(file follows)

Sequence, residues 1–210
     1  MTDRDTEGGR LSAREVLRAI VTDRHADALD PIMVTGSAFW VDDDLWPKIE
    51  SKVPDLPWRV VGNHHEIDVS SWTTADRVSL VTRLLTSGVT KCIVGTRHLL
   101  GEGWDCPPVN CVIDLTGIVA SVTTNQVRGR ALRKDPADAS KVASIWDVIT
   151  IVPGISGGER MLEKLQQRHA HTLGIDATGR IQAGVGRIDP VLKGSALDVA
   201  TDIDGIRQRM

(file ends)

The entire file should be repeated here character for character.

Sequence, residues 1–210
     1  MTDRDTEGGR LSAREVLRAI VTDRHADALD PIMVTGSAFW VDDDLWPKIE
    51  SKVPDLPWRV VGNHHEIDVS SWTTADRVSL VTRLLTSGVT KCIVGTRHLL
   101  GEGWDCPPVN CVIDLTGIVA SVTTNQVRGR ALRKDPADAS KVASIWDVIT
   151  IVPGISGGER MLEKLQQRHA HTLGIDATGR IQAGVGRIDP VLKGSALDVA
   201  TDIDGIRQRM